• ElJeffeElJeffe Moderator, ClubPA mod
    edited March 2010
    Well, if the gun control threads have taught me anything, it's that no matter how other people might feel about something, if it's dangerous it should be banned.

    Do not drag gun control in here or I will blast you with a shotgun loaded with rock salt.

    Maddie: "I named my feet. The left one is flip and the right one is flop. Oh, and also I named my flip-flops."

    I make tweet.
  • psychotixpsychotix __BANNED USERS
    edited March 2010
    ElJeffe wrote: »
    Restaurants of all stripes use way too much salt. Ditto processed foods.

    But this is among the stupidest proposals I have heard.

    (Also, I have known people who refuse to use salt in their cooking, and their food fucking sucks. Cooking without salt is like cooking without... I dunno... something vital. Especially baking. Baked goods without salt are shit.)

    Especially everything, trying making a steak without salt. It's not good.

  • dlinfinitidlinfiniti Registered User regular
    edited March 2010
    this is excellent
    i support this legislation
    i hope he bans fire next, fucking flames always burning the shit out of things

    AAAAA!!! PLAAAYGUUU!!!!
  • CycloneRangerCycloneRanger Registered User regular
    edited March 2010
    This legislation will give customers the option to add salt after the meal has been prepared for them. In this way, consumers have more control over the amount of sodium they intake, and are given the option to exercise healthier diets and healthier lifestyles.
    When the hell did "intake" become a verb?

    MWO User Name: Gorn Arming
    StarCraft II User Name: DeadMenRise
  • ElJeffeElJeffe Moderator, ClubPA mod
    edited March 2010
    psychotix wrote: »
    ElJeffe wrote: »
    Restaurants of all stripes use way too much salt. Ditto processed foods.

    But this is among the stupidest proposals I have heard.

    (Also, I have known people who refuse to use salt in their cooking, and their food fucking sucks. Cooking without salt is like cooking without... I dunno... something vital. Especially baking. Baked goods without salt are shit.)

    Especially everything, trying making a steak without salt. It's not good.

    Well, some foods without salt are bland. And some just taste wrong. I would rather have a steak sans salt than a cookie.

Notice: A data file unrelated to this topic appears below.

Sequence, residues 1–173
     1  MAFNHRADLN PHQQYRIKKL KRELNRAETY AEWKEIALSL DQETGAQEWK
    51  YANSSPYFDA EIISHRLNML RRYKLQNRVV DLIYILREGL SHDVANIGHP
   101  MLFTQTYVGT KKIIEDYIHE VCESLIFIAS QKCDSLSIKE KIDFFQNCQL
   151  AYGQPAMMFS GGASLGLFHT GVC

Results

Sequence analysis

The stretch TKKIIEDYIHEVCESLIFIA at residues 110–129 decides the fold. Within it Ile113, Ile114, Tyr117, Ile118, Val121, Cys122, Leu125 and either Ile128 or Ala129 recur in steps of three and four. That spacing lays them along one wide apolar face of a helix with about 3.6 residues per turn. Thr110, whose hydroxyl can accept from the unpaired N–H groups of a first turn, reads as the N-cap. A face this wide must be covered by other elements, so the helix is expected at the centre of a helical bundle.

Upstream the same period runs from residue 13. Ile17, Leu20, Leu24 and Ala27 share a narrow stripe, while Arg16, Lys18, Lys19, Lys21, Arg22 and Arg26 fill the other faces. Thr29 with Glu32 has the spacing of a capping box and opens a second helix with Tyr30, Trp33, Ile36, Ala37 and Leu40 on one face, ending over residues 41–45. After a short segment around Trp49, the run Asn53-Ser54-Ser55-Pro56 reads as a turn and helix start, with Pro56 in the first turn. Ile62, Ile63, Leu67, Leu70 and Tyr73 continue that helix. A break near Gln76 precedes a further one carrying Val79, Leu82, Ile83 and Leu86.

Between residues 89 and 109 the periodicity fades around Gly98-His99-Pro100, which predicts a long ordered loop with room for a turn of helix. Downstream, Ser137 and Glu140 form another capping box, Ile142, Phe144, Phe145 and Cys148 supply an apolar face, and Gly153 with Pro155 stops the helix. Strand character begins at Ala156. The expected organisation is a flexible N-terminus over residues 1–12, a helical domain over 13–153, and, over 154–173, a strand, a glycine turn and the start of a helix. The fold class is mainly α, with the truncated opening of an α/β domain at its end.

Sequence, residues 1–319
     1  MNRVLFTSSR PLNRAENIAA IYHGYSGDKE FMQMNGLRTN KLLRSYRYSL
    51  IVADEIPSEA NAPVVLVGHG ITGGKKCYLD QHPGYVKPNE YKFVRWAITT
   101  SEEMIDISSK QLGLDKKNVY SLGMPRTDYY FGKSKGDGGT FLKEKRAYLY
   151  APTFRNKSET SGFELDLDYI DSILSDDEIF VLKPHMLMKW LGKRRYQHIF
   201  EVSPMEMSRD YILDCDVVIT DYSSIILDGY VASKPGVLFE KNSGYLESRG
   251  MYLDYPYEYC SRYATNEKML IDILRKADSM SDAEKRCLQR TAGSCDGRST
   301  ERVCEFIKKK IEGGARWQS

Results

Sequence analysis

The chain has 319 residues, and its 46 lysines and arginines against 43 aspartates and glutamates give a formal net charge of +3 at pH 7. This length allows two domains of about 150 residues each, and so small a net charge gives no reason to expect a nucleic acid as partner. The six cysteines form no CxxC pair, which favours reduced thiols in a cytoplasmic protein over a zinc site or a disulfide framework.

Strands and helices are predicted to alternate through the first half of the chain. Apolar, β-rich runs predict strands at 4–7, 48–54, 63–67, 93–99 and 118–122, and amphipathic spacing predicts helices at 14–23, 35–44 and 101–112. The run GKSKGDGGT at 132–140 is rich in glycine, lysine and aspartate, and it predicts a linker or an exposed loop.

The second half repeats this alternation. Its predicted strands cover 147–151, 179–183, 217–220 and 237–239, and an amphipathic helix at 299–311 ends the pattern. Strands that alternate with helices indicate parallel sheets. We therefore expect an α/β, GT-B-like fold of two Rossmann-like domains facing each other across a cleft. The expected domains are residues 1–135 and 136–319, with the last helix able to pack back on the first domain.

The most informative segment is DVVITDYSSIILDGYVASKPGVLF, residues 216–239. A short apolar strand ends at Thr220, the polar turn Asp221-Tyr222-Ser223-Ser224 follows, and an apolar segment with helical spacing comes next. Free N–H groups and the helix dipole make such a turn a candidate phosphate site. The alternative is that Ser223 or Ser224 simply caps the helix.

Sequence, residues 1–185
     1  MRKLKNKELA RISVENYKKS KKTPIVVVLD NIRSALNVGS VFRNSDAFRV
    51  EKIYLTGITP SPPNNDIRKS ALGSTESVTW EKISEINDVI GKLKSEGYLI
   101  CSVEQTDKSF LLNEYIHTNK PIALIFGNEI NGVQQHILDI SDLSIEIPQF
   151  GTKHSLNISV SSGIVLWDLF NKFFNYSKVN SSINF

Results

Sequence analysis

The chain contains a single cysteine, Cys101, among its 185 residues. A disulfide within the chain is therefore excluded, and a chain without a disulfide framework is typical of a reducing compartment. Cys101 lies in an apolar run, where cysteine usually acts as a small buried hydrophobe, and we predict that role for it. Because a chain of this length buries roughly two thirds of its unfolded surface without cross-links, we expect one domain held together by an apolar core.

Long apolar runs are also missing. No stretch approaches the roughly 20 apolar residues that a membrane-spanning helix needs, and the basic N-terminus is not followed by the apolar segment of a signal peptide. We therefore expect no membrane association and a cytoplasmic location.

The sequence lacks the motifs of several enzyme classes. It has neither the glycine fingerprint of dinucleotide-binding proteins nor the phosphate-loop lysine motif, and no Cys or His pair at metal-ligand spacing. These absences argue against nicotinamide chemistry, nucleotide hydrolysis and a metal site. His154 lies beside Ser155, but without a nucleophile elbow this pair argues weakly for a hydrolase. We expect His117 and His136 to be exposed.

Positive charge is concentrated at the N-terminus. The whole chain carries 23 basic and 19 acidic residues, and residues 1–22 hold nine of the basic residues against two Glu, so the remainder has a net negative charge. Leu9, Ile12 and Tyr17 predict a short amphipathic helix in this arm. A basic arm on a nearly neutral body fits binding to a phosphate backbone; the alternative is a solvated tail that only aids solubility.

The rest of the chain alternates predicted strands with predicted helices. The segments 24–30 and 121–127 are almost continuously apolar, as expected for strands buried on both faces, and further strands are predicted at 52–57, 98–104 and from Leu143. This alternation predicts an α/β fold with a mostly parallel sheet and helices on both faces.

Maddie: "I named my feet. The left one is flip and the right one is flop. Oh, and also I named my flip-flops."

    I make tweet.
  • TheStigTheStig Registered User regular
    edited March 2010
    Wouldn't meat have trace amounts of salts in it? Like, from the blood. Doesn't this legislation ban the use of salt in any form?

    the-place-beyond-the-pines-03_thumb_zps3d4e0ec7.jpg
    360: Sir Stiggleton PSN: Stiggy_PA GFWL: RacerStig Steam: TheStig
  • IncenjucarIncenjucar QA Tester -> Game Producer Seattle, WARegistered User regular
    edited March 2010
    dlinfiniti wrote: »
    this is excellent
    i support this legislation
    i hope he bans fire next, fucking flames always burning the shit out of things

    Hey, hey.

    Let us step outside, friend.

    --

    Do we know what this dullard's position is on that fat ban they did awhile ago?

    freefallagentad_zps635a83ed.png
  • MblackwellMblackwell Registered User regular
    edited March 2010
    A lot of things are just inherently salty. Anything canned, in a brine, cured, etc.

    Music: The Rejected Applications | Nintendo Network ID: Mblackwell

  • IncenjucarIncenjucar QA Tester -> Game Producer Seattle, WARegistered User regular
    edited March 2010
    Sports drinks will have to be banned.

    As will Pedialyte.

    freefallagentad_zps635a83ed.png
  • MblackwellMblackwell Registered User regular
    edited March 2010
    Perrier water will too.

    Music: The Rejected Applications | Nintendo Network ID: Mblackwell

  • IncenjucarIncenjucar QA Tester -> Game Producer Seattle, WARegistered User regular
    edited March 2010
    Isn't caviar loaded with fantastic amounts of salt?

    freefallagentad_zps635a83ed.png
  • galenbladegalenblade Registered User regular
    edited March 2010
    Well, I imagine this is just for restaurants, not for general foodstuffs. Much like the trans fat ban.

    Also, I was nearly very distressed as I thought this guy was my assemblyman. He's actually in the district just south of mine, thank God.

    linksig.jpg